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Would it be a stretch to say that Korach was the first Jewish post-modernist? His contention was that all of the people of Israel were equally holy, so what right did Moshe have to dare to lord it over them? In other words, all people being equal, their say (especially Korach’s) should be equal to that of Moshe’s.
Post-modernism says that there is no universal truth, and therefore, for example, you cannot judge a work of art by the standards used in the Renaissance or by anyone else, for that matter. The same goes for music, for language, and by extension, for ideas. You cannot judge one as inferior to others because that is a value judgment which, according to post-modernism, you don’t have the right to make.
This seems to be Korach’s argument. That all of Israel is equal and that one does not have the right to be above others. Except that, as in George Orwell’s “Animal Farm,” he believes his word should be above the others, on the principle that “All animals are created equal but some animals are more equal than others.”
Korach was a shrewd fellow and it is possible to give him the benefit of the doubt and say that he may have been better than others. We should say except for Moshe, for two reasons: first Moshe had direct contact with God, and second, with all his power, he was extremely modest.
Now there’s a problem saying that. When we read the Bible, especially the story parts in the Torah and early prophets, we know that there is an agenda, only partially hidden. Overall, the agenda is to glorify David and his royal line to the exclusion of all others. We see this even in the story of Joseph, where Judah (the father of David’s tribe) plays a major role.
But in the Torah, the one person who is the undisputed champion, superstar, hero, and model of excellence is Moshe. His shortcomings and leadership lapses are mentioned but they seem piddling. He is the one and only. This means that we may not be able to judge Moshe completely objectively. Compared to the leaders of any people at any time in history, the way he is portrayed here, he is head and shoulders above them all. Let’s accept it as true.
Korach is a different type of leader. He is a populist. He seems to speak for all the people, as one of the people. But is he? He is a Levite, which already gives him some status. His 250 followers (not a large number considering there are 600,000 males and a total of 2 million people) are mainly princes and members of the tribe of Reuben.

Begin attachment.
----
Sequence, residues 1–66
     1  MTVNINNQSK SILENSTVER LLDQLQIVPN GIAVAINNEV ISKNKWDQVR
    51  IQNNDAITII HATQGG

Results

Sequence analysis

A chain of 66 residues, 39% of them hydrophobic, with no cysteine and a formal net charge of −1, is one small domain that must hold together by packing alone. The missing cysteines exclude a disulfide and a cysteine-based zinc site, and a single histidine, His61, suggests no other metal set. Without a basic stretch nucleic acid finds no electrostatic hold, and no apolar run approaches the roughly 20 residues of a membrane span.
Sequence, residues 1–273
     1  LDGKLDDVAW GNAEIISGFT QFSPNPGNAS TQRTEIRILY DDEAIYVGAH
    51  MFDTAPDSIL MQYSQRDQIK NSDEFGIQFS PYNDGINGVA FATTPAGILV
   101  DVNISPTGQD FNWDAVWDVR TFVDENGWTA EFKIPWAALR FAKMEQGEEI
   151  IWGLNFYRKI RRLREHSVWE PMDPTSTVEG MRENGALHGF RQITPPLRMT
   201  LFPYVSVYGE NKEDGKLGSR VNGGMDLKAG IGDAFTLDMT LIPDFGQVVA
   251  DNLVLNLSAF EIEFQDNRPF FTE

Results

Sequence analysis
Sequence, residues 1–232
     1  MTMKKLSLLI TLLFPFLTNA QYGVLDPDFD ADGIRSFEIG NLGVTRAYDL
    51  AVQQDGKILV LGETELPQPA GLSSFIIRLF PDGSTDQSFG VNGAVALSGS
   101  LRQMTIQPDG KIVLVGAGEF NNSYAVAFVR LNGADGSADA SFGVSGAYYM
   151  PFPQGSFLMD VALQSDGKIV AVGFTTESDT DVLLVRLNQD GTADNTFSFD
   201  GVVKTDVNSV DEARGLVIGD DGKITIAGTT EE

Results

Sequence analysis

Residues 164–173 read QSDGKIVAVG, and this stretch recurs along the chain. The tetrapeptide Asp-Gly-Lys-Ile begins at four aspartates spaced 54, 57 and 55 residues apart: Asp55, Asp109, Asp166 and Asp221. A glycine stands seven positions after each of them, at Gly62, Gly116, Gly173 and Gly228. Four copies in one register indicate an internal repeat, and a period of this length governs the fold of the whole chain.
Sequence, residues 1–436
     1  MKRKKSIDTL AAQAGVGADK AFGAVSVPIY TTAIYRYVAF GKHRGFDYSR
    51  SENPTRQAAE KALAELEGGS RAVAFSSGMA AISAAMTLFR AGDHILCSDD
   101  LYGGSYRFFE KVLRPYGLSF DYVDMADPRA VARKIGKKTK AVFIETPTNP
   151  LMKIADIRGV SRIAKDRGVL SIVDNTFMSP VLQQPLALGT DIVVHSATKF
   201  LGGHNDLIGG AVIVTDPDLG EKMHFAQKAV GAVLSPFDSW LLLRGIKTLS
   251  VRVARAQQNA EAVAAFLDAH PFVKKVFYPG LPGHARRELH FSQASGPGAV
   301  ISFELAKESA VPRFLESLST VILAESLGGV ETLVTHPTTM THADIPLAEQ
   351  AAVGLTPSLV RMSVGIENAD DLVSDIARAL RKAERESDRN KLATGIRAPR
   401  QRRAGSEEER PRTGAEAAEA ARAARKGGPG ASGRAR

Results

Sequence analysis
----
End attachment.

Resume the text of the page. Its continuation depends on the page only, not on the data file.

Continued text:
These are the disenfranchised. The princes were once the people who served in the tabernacle. Now it’s the Levites and in matters of religion – Aharon, who has been appointed high priest. They have been made superfluous, for the most part. As for the Reubenites, their namesake was the firstborn of Yaacov and thus was supposed to be the overall leader. He wasn’t and his descendants weren’t. So there is a feeling of personal vendettas underlying the rebellion.
This is probably the low point in Moshe’s tenure. His brother and sister gossiped about him two weeks ago. The spies upset the apple cart completely last week. And today, Korach is impugning his integrity. How much lower can you go? This is the pits.
In fact, last week and this are the turning point in the exodus tale. The people brought upon themselves an extra 38 years of meandering the desert. Perhaps because of this, because there was no hope of eventually entering the land, Korach decided he had nothing to lose and so he now challenges Moshe’s authority.
In truth, we feel Moshe’s frustration. He has been subjected to such intense whining and complaining and backsliding – and all for what? Personal gain? No way. He has no family life. He is on call to God 24/7 and to the people 48/7 (or so it seems). Why would anyone even want his position?
Basically, Korach was ahead of his time. Modernism hadn’t been born yet, let alone post-modernism. What Korach said was true – but not relevant at that time. If he had spoken the same words in the time of the Judges, after Joshua had died and government was not centralized, he probably could have developed a fine following. In Canaan, God was not the direct provider of water and food (except through rain etc.). There was no one leader whose word was law. Korach could have done fine.
That’s history. A prime minister like Bibi or Barak or Olmert probably wouldn’t have succeeded where Ben Gurion did. BG was right for his time. He wouldn’t be elected dog collector today.
Which reminds us that in politics, it’s not location that matters, but timing. That fact has not changed.